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July 2008 Archives

Tiki Bar & Black Buffett Bro /Video Outtakes

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6 p.m. July 22--

The tropical circus known as Jimmy Buffett and his Coral Reefer Band appeared before 40,000 fans Saturday night at Alpine Valley in East Troy, Wis. and is now moving on for shows Thursday and Saturday night at Toyota Park outside of Chicago. Those gigs will draw another 35,000 fans each night.
Those are good numbers for a bad economy.
Here's some testimony we gathered in the Alpine parking lot on Saturday. Thanks to Sun-Times cameraman Chris Sweda for the run through the high waters.


Jimmy Buffett Alpine Video

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11:30 a.m. July 20---

I've always wanted to visually document Tropical Tailgating before a Jimmy Buffett concert at Alpine Valley in East Troy, Wis. Despite a fading recording industry, his concert audience continues to grow because of his shrewd (and fun) marketing sensibilities.
Saturday, 7/19 was no exception.
The noontime heavens were grey when we were drinking Bloody Marys and having German-Fried bratwurst at the legendary Brat Stop in Kenosha (gotta get the Laack's cheddar chese curds to go), but by late afternoon it was a picture perfect sky that kissed the funky Alpine ski lodge.
The concert was sold out, drawing nearly 40,000 fans. I still get goosebumps when I look at the crowded lawn during a love song like Buffett's "Come Monday." I think of passionate White Sox owner Bill Veeck who said there was nothing as beautiful as a full baseball stadium. That's how I feel at a Buffett show.
I'm guessing 5,000-7,000 fans were camped out in the parking lot before the show. Gates opened at 1 p.m. Showtime was 8 p.m. The rural setting of Alpine and nearby Lake Geneva draws fans from all over America, which is why Buffett makes this an annual stop. On stage Saturday Buffett mentioned people who trekked in from Colorado, North Dakota, Tucson, Az. and Hawaii.
With the cooperation of Buffett's management and Scott Gelman at Live Nation, here's some precious video of Saturday's pre-concert festivities. It was combat duty. My favorite sight? The group of middle-aged housewives from Sugar Grove, Ill. called "Steel Crazy." [www.steelcrazyband.com] They actually set up about 10 steel drums under a tent in the parking lot and played beautiful Buffett songs like "One Particular Harbor" and "A Pirate Looks at 40." Take a look..........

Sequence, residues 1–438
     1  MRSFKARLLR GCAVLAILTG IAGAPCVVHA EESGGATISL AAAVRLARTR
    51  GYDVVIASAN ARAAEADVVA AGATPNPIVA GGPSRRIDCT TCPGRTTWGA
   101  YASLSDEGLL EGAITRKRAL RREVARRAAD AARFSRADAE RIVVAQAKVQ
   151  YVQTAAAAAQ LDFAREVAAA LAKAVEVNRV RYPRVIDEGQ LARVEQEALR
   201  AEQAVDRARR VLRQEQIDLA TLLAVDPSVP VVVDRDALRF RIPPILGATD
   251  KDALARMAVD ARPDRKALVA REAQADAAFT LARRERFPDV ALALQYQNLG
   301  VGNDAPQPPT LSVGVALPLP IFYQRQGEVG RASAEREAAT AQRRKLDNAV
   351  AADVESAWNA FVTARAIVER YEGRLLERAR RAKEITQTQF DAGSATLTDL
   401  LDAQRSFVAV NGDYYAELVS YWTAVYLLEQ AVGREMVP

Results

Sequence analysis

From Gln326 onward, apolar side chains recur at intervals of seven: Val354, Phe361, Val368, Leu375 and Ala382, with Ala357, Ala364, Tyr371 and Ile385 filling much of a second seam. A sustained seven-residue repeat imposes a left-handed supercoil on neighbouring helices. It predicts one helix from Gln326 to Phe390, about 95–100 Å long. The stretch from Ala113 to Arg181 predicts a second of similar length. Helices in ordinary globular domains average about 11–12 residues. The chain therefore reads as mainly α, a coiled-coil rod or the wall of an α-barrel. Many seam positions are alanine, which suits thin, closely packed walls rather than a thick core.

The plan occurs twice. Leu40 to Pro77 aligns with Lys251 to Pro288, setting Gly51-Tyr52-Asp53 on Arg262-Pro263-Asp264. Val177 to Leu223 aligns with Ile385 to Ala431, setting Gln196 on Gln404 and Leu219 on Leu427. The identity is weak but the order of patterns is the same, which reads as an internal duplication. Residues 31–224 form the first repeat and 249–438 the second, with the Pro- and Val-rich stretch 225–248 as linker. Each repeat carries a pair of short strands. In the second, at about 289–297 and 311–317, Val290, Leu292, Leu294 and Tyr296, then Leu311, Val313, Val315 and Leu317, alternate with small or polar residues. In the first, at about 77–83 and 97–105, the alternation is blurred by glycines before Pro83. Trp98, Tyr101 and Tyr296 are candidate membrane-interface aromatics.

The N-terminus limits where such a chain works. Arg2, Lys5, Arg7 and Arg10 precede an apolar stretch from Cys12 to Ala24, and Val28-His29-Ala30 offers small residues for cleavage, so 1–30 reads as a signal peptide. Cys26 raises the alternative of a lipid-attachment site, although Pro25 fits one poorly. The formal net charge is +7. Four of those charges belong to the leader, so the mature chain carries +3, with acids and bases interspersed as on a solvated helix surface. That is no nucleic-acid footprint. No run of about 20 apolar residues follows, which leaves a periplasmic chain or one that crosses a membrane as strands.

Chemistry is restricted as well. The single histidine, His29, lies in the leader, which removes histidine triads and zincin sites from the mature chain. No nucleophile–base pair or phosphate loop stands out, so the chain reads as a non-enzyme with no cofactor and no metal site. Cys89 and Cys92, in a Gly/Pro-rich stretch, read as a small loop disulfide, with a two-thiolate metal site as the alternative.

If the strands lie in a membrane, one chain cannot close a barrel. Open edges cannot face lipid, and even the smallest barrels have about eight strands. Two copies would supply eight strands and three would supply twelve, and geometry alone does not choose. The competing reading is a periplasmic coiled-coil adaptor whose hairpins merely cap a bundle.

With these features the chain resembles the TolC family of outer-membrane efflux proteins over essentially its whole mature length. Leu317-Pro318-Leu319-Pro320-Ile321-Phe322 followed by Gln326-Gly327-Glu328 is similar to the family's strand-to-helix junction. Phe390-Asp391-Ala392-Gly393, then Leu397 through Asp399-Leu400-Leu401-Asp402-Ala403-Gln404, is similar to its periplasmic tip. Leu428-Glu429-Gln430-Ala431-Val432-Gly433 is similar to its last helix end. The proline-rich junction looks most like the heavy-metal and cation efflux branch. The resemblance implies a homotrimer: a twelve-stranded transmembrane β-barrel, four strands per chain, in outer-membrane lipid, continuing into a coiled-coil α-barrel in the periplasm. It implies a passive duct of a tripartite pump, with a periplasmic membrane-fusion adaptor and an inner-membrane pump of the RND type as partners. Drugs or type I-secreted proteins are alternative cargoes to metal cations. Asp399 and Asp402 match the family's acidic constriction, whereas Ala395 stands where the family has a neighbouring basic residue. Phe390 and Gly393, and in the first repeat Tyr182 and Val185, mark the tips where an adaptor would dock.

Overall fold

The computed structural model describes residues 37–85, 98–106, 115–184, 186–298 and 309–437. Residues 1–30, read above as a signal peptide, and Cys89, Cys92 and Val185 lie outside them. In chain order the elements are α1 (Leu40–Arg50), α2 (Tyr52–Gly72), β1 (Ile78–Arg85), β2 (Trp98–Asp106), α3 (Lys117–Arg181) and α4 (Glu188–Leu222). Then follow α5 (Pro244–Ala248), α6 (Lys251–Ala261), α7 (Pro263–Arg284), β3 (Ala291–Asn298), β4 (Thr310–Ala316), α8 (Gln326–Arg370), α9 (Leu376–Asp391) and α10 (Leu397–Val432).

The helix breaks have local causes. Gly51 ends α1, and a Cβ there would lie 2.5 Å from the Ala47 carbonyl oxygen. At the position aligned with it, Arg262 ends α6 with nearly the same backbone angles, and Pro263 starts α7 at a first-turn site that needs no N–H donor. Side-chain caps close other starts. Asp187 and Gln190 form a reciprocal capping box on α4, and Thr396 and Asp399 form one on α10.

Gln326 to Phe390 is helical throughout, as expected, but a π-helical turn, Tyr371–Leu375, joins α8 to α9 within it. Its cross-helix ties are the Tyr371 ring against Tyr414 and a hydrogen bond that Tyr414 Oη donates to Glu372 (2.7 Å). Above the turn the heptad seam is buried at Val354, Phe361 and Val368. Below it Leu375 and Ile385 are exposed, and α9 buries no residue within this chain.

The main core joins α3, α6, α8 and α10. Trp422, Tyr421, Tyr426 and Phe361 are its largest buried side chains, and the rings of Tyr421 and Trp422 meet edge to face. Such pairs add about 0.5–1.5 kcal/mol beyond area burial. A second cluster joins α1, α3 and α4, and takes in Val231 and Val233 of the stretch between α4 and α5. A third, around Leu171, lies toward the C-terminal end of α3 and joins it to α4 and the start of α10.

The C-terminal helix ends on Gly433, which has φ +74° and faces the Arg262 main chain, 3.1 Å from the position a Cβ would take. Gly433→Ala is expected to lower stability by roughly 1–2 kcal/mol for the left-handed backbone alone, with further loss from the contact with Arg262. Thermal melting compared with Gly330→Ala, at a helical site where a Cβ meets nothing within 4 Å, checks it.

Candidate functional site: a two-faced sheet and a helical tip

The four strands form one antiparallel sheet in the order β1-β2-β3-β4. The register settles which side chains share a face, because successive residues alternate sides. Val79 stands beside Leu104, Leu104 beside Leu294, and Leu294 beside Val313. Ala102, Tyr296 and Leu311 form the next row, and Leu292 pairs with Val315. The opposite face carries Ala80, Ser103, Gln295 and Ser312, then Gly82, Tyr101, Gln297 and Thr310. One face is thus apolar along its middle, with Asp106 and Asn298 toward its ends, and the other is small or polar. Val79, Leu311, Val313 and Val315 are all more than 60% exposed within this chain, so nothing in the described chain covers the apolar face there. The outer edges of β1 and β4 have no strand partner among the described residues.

When Ex-Cub Rich Nye Was a Pup

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5 p.m. July 17--
There's nothing like the first time of being in first place--at least for 22 years.
In July, 1967 Rich Nye was the Cubs starting pitcher when the Cubs held sole posession of first place for the first time since 1945.
I was 12 years old and kept a daily Cubs scrapbook from clippings in all four Chicago newspapers. I Elmer-glued stories of the Cubs coming-out period into a loose leaf notebook. One headline actually read: "CUBS WIN--TIED FOR LEAD!" The Chicago Today newspaper even offered a blank Cubs scrapbook as a promotional item.
"I pitched against Cincinnati in the (nationally televised) 'Game of the Week'," Nye recalled while grinding down a chinchilla's teeth at a suburban veternarian office. Nye is now one of America's premiere exotic animal veternarians. Check out this great Jon Sall video of the crafty left hander at work. During our visit, Dr. Nye saw two chinchillas, an iguana and a turtle with an abscess:

"The 'Game of the Week' was the first time my folks (in Northern California) had seen me play," he said. "I don't remember the opposing pitcher. It was a 90 degree day........

Billy Joel

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7:35 p.m. July 14----

I saw that creepy black and white picture of Billy Joel that accompanied the fine Dan Barry story in Sunday’s New York Times. Joel looked like Harry Dean Stanton. It got me to thinking about my encounter with “The Piano Man” before a 1986 concert in Worcester, Mass.
People ask me about memorable interviews and there have been plenty: James Brown, Johnny Cash, Sammy Davis, Jr., Merle Haggard, Screamin’ Jay Hawkins, Jerry Lewis (every time) Curtis Mayfield and the list goes on.